The opening song, the English version of ‘Euphoric Field’ featuring Elisa, is very catchy and each of the closing themes -“I’m here” by Hiroko Taguchi, “Kizamu Kisetsu” by Junko Okada and “Sora no Yume” by Natsumi Yanase – fit the characters they represent, Miyako, Kei and Chihiro respectively, pretty well. The voice acting is serviceable; however, whether in English or Japanese, the innocence of the characters is over-expressed, especially when it comes to Chihiro who is practically whispering every line. However, I guess that’s part of the Moe formula/appeal. Relating to audio settings, I appreciated the ability to put subtitles on all dialogue, non-dialogue only or not at all.
This is going to be a very bare section… the DVD release of Ef – A Tale of Memories comes feature-packed with two – count ’em, TWO! – extras! And a bunch of trailers, but they are barely a special feature. The two I refer to are a Clean Opening Animation and a Clean Closing Animation. The clean opening features the background music from the first episode’s intro credits set against the same black and white landscape drawings (1:28), whilst the clean closing features all the ending themes used throughout the season (8:42). The trailers included are for: Dream Eater Merry, Toradora!, Arakawa Under The Bridge, Bodacious Space Pirates, Alien Nine, .hack//G.U. Trilogy.
It’s best to tackle things without any pre-conceived notions, but it is hard sometimes…especially when the tag-line reads “fleeting moments…chance meetings…” But, I’m not ashamed to say it (I am going to continue to tell myself that), but Ef – A Tale of Memories actually grew on me. I knew what to expect, and I just didn’t think it would have appeal for me whatsoever. But I guess I am quite the sap, because Ef – A Tale of Memories’ story – whilst cliché and corny – has a strong emotional core that translates extremely well in the hands of such a great animation studio in Shaft.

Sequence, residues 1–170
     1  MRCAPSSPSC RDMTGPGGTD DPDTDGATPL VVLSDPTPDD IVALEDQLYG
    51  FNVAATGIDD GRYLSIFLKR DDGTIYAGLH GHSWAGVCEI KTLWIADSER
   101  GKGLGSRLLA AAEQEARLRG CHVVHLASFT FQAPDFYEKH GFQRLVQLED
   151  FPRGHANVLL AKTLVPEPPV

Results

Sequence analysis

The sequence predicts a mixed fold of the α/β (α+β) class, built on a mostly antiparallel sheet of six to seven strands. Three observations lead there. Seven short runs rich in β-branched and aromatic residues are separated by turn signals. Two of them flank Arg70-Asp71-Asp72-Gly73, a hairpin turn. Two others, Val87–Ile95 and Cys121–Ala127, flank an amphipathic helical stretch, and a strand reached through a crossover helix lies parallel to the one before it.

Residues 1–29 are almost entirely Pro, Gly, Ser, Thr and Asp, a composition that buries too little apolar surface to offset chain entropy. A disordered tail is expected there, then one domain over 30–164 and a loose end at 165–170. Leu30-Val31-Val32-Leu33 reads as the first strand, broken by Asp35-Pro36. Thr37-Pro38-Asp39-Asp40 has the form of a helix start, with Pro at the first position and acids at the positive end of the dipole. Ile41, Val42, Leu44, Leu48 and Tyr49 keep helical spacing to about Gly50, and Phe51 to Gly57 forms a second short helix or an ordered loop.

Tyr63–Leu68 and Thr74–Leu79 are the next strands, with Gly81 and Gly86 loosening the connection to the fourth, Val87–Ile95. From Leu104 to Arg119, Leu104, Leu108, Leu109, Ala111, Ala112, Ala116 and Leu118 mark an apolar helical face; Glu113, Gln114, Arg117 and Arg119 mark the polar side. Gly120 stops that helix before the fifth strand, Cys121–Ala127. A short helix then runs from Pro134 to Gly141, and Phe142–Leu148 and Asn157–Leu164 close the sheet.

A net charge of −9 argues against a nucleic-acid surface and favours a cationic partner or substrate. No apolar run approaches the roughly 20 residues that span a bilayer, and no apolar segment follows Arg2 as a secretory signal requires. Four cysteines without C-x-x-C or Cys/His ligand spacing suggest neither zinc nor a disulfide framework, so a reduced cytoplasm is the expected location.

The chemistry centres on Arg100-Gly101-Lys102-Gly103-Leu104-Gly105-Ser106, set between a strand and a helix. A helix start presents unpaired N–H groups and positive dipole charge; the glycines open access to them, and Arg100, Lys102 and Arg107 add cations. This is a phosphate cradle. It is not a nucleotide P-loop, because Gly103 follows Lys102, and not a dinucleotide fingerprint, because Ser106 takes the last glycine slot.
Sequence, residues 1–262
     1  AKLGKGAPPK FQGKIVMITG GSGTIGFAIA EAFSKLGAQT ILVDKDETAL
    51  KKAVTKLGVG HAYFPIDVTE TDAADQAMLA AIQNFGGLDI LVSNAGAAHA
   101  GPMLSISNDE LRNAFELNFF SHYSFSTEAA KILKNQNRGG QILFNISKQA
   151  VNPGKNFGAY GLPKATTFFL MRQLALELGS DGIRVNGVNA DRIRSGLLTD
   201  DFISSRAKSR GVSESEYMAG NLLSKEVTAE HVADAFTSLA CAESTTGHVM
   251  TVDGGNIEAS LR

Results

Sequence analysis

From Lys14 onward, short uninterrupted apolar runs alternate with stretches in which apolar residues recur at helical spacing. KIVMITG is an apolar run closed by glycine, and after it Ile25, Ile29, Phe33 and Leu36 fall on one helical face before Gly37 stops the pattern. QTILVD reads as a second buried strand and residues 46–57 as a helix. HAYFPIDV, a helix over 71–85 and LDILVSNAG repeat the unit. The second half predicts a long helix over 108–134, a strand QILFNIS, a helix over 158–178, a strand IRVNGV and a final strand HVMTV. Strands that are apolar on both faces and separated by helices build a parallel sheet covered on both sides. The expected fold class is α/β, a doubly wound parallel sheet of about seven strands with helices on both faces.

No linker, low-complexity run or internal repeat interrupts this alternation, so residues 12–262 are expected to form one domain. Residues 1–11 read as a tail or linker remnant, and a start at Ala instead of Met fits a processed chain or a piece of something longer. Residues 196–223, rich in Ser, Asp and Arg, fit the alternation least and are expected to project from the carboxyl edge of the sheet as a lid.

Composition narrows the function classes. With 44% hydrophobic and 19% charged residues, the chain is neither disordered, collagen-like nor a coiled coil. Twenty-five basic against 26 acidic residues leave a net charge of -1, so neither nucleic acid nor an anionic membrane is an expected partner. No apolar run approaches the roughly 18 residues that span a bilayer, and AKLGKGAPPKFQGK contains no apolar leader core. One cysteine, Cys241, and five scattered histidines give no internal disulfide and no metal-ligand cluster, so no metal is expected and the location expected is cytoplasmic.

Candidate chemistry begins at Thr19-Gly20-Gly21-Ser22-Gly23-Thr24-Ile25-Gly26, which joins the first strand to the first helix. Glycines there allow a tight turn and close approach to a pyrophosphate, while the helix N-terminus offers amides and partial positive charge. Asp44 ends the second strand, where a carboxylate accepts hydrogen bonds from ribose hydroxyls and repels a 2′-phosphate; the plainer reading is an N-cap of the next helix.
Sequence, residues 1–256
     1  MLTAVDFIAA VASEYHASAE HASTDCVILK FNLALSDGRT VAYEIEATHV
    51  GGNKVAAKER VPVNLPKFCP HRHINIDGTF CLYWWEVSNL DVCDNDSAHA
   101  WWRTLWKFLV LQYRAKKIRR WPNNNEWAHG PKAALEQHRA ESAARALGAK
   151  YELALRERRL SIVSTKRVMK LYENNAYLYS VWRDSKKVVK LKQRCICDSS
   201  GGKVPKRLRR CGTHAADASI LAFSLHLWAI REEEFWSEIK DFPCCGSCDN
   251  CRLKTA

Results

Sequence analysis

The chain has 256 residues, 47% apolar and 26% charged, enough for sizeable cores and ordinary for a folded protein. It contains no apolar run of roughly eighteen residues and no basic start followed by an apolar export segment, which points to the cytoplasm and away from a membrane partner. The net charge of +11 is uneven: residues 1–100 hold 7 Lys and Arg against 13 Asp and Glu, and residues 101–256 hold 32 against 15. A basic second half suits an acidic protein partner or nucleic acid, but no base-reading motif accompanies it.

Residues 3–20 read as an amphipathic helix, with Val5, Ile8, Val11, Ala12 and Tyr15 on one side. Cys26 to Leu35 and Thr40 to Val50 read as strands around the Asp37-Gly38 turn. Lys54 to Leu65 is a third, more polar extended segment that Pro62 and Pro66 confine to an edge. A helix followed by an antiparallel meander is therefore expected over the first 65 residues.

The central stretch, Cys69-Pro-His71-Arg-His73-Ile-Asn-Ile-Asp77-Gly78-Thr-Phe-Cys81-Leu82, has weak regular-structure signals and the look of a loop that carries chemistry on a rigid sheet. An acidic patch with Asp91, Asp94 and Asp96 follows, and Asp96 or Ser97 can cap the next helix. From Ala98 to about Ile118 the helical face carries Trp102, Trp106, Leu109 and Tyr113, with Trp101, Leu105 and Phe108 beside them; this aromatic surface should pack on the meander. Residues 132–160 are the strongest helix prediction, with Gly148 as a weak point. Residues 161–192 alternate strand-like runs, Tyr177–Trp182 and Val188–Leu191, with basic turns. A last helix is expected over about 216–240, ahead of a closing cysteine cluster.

It definitely has its flaws; the plot is slow to get rolling, the dialogue is sometimes cheesy to the point of being cringe-worthy and the voice-acting (both original and English dub mind you) is largely so cutesy it’s almost unbearable. But, the characters really start to blossom after 3 or 4 episodes. I am, as usual with anime releases, disappointed with the lack of extras, although I am now resigned to the fact that this is the norm in the medium. However, $49.99 is still quite pricey considering this lack of features. Yet, I still highly recommend A Tale of Memories, though maybe not to the staunchest of males out there. The female contingent will love it, and if you’re one who’s secure enough in your manhood to watch a touching love story and not be embarrassed, then you should too.